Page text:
The National Earthquake Information Center now locates about 20,000 earthquakes each year, or approximately 55 per day. As a result of the improvements in communications and the increased interest in natural disasters, the public now learns about earthquakes more quickly than ever before.
According to long-term records (since about 1900), we expect about 16 major earthquakes in any given year, which includes 15 earthquakes in the magnitude 7 range and one earthquake magnitude 8.0 or greater. In the past 44 years, from 1973 through 2017, our records show that we have exceeded the long-term average number of major earthquakes only 11 times, in 1976, 1990, 1995, 1999, 2007, 2009, 2010, 2011, 2013, 2015, and 2016.
The year with the largest total was 2010, with 24 earthquakes greater than or equal to magnitude 7.0. In other years the total was well below the 16 per year expected based on the long-term average: 1989 only saw 6, while 1988 saw only 7 major earthquakes. (source)
Small earthquakes happen quite often in the US. Take a look at this live map to see the most recent (a few occurred as I was writing this article!) Earthquake Map
Recently, scientists discovered what triggers big earthquakes.
The vast majority of earthquakes we feel come soon after smaller ones, according to new research that provides unprecedented insights into how seismology works.
Previously, scientists believed that only half of all moderate quakes had smaller precursor events. But after studying Southern California quakes of at least magnitude 4 between 2008 and 2017, scientists found that at least 72% of them followed less-powerful earthquakes.
Days (or even weeks) before quakes of 4.0 or higher magnitude occur, smaller ones ripple beneath the Earth’s surface. This activity can be detected by an advanced computing technique. The smaller earthquakes that precede larger ones in the same location are called foreshocks. An earthquake cannot be identified as a foreshock until after a larger earthquake in the same area occurs.
“One of the biggest questions in earthquake seismology is how earthquakes get started,” said the study’s lead author, Daniel Trugman, a seismologist at Los Alamos National Laboratory.
The breakthrough in the study, published earlier this summer in the journal Geophysical Research Letters, was made possible by the discovery of a new technique to find very small earthquakes – quakes as small as magnitudes 0 and 1, and some as small as magnitude negative 2.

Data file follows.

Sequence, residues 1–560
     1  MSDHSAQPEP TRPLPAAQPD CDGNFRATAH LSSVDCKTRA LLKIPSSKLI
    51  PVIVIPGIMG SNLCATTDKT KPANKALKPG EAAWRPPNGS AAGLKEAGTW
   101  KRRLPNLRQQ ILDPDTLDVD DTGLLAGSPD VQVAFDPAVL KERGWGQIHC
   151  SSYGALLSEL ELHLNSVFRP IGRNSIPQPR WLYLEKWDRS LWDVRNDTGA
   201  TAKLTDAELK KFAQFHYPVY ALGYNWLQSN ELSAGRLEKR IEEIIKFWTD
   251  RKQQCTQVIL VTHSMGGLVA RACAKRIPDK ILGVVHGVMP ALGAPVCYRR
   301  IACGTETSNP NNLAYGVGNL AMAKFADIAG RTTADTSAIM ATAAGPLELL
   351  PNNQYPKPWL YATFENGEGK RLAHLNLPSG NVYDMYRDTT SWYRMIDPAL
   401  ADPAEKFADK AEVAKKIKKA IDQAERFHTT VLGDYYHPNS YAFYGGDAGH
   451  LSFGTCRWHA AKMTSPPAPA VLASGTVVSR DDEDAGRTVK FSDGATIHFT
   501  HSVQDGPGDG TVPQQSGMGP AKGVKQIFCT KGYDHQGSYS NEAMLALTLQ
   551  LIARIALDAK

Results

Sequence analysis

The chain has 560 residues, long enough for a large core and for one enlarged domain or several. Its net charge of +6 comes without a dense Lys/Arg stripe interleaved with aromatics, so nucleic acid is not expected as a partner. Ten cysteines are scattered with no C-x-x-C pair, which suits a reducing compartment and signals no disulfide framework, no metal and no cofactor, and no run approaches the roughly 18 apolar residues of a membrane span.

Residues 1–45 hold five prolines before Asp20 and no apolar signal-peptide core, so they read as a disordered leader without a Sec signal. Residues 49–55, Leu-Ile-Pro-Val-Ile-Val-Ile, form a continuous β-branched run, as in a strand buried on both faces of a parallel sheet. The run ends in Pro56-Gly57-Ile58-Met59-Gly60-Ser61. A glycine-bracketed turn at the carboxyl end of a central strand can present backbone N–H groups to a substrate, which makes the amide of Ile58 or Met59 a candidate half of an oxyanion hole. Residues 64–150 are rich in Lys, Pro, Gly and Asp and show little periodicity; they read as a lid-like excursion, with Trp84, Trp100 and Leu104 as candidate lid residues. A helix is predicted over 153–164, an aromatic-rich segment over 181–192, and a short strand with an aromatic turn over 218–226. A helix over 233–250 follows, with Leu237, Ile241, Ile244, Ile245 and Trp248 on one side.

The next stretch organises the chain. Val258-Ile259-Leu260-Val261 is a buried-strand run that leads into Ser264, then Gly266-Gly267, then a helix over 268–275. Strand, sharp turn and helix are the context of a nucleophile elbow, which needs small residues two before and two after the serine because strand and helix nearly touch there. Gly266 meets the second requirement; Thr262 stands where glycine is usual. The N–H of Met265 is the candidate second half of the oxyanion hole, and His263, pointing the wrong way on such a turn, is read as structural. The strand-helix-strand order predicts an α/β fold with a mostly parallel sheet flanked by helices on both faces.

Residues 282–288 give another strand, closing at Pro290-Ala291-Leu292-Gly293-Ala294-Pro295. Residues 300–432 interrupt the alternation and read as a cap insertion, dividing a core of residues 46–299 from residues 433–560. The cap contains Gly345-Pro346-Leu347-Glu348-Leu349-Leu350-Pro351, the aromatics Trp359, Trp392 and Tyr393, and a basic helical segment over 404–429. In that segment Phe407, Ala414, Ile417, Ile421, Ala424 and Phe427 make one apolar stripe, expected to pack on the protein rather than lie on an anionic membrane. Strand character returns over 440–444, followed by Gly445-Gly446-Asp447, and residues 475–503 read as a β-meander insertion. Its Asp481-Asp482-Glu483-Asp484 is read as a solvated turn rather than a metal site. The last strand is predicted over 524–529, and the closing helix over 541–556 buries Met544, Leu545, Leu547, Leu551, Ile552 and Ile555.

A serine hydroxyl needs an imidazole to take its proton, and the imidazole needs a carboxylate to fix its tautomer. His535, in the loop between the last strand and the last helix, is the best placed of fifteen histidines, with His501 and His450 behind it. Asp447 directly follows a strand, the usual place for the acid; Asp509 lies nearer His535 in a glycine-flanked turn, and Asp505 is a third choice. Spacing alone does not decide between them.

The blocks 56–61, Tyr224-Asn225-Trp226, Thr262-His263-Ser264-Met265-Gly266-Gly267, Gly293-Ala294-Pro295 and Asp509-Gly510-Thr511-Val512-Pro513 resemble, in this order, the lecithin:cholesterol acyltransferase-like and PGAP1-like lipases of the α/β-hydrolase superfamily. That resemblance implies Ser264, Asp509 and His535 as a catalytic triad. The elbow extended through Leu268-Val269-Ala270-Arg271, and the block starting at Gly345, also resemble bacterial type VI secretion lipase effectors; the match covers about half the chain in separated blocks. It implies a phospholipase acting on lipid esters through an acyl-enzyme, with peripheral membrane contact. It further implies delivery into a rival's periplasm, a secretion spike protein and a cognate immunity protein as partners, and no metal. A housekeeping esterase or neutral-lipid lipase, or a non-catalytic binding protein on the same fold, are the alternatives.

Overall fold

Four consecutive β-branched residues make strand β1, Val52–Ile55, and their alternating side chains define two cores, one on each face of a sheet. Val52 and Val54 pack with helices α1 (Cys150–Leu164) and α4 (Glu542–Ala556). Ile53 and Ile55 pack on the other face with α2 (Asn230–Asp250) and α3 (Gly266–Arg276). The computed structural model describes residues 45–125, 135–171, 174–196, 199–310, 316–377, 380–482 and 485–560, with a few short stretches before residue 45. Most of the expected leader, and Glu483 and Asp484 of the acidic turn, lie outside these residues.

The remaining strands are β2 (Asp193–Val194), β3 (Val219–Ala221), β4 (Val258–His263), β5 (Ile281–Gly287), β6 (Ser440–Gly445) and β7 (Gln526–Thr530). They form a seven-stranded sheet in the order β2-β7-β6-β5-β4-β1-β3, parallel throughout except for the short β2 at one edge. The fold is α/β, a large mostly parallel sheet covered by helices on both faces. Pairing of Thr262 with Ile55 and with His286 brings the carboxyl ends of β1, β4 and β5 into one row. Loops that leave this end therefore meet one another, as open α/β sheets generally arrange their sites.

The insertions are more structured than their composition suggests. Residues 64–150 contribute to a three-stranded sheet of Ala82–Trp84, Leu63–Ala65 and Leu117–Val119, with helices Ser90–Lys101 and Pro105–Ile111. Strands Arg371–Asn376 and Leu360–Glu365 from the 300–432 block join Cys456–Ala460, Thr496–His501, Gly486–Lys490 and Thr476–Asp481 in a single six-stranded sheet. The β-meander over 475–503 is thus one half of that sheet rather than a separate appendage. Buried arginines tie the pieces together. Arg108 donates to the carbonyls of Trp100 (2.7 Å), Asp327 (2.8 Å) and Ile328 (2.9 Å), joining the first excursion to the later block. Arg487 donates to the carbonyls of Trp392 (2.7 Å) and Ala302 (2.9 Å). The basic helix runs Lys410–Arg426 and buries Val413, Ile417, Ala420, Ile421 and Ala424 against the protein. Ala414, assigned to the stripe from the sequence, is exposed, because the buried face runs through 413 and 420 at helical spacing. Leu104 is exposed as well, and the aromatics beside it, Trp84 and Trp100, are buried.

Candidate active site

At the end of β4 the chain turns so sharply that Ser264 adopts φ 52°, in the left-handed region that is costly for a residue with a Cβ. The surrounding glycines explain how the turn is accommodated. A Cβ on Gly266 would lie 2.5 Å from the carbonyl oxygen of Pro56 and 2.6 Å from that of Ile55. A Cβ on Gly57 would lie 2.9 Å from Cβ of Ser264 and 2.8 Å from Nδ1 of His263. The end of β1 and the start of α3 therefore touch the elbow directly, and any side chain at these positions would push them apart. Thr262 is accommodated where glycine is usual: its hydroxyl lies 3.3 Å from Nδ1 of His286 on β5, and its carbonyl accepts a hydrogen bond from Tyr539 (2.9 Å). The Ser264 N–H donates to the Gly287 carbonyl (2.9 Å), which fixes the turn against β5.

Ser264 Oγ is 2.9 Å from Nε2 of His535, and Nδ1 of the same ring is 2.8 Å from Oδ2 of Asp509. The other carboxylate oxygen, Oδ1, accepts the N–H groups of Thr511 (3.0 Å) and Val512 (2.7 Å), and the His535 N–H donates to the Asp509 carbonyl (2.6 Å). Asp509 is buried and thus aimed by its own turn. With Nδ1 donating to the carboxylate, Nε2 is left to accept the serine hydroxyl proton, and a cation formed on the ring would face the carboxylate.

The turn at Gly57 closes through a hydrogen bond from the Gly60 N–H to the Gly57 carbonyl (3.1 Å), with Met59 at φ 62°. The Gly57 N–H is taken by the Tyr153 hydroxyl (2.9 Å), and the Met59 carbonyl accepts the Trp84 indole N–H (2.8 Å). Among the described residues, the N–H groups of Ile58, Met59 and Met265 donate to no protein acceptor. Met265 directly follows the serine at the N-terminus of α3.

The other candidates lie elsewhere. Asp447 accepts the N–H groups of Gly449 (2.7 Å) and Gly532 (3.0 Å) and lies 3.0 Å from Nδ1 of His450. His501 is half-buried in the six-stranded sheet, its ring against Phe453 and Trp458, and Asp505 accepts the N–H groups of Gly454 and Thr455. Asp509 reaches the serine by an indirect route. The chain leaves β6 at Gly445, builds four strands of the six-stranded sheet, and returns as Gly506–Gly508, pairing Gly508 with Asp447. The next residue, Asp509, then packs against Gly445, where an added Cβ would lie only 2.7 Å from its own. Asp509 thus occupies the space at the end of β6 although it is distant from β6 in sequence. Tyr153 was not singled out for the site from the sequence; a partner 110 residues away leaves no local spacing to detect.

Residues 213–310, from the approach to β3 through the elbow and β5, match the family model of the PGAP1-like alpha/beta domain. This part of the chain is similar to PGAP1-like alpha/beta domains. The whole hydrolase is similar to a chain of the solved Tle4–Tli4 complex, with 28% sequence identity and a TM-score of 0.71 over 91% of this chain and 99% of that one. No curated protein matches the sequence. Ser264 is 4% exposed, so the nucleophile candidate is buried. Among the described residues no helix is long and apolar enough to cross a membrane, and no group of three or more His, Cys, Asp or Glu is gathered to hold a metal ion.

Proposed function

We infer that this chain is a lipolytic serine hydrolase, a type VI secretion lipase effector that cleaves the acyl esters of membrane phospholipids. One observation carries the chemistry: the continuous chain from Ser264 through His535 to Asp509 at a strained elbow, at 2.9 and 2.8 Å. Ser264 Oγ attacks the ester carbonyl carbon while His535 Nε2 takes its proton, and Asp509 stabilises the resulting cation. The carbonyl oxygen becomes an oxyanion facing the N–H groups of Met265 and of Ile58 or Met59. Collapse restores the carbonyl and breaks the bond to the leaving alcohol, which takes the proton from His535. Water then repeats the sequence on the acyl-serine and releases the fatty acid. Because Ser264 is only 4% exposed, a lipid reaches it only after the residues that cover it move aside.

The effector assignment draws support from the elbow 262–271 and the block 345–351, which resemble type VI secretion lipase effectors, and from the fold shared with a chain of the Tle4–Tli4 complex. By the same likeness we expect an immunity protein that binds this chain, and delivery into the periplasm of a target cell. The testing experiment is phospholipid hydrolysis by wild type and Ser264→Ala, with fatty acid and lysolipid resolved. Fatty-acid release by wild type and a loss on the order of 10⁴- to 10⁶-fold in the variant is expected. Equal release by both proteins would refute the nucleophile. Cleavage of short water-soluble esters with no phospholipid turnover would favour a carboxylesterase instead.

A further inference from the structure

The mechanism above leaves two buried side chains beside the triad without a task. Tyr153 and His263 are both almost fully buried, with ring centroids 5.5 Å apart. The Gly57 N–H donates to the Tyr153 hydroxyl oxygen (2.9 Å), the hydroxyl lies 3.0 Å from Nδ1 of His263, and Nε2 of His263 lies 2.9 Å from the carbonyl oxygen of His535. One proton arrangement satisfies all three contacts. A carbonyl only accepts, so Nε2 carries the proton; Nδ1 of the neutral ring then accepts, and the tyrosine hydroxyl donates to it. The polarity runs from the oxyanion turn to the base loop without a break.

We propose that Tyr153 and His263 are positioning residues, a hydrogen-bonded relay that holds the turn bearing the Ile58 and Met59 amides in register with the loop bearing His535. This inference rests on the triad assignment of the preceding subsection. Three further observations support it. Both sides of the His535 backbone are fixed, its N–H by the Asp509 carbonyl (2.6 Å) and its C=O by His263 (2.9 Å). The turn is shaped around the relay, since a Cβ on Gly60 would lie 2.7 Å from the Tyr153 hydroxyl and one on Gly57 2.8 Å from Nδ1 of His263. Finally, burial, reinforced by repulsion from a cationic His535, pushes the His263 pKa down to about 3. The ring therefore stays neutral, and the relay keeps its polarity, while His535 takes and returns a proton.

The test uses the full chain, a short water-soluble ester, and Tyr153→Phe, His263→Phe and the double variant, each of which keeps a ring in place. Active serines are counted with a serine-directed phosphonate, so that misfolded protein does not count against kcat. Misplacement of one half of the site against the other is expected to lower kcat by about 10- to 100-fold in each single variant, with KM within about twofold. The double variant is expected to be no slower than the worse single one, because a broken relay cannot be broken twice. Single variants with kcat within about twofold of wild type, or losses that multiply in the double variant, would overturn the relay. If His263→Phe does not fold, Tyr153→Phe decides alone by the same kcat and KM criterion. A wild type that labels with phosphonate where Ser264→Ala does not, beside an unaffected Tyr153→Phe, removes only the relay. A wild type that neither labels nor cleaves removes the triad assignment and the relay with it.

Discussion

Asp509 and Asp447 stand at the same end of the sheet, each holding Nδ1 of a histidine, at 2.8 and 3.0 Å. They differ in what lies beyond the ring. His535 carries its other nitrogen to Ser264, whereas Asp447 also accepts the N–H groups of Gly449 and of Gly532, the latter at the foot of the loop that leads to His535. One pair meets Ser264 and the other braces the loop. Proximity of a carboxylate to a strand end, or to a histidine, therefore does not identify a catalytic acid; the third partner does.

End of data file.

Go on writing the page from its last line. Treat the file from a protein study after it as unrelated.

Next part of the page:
Quakes can now have negative magnitudes because this new technique allows for observation of quakes so small they were previously thought to be undetectable.
It is important to understand that larger quakes do not always follow smaller ones.
Earthquakes cannot be predicted.
While quakes cannot be predicted, earthquake forecasts can be made, providing the probability that an earthquake of a given size or larger will occur in an area (like Northern California) over a certain timeframe. A forecast only provides information on the likelihood of an event occurring in a (large) timeframe, not a certainty as to whether or not it will occur.
Scientists can calculate the probability that a significant earthquake will occur in a specific area within a certain number of years (usually several decades or more), but currently, it is nearly impossible to predict when a quake is imminent.
According to USGS,
Predictions (by non-scientists) usually start swirling around social media when something happens that is thought to be a precursor to an earthquake in the near future. The so-called precursor is often a swarm of small earthquakes, increasing amounts of radon in local water, unusual behavior of animals, increasing size of magnitudes in moderate size events, or a moderate-magnitude event rare enough to suggest that it may be a foreshock.
Unfortunately, most such precursors frequently occur without being followed by an earthquake, so a real prediction is not possible. Instead, if there is a scientific basis, a forecast may be made in probabilistic terms. (source)
Statistically speaking, only 5% of earthquakes are followed by larger ones. The new study’s findings do not mean researchers are any closer to predicting the exact timing and epicenters of big earthquakes.
Because we can’t predict earthquakes, it is best to be prepared for them.
Even if you live in a region that isn’t commonly shaken by earthquakes, planning for them is a good idea. This is because there currently is no earthquake prediction system. Quakes can occur anywhere – at any time – so if you have not prepared for one, now is the time to get started.
If you live in a seismic zone, you probably already have plans in place (if not, it is time to do that!).
To view seismic hazard maps, please click here: Seismic Hazard Maps and Site-Specific Data
To view induced seismic hazard models, please click here: Short-term Induced Seismicity Models
To learn what to do before the shaking begins, please see How to Prepare Your Home for an Earthquake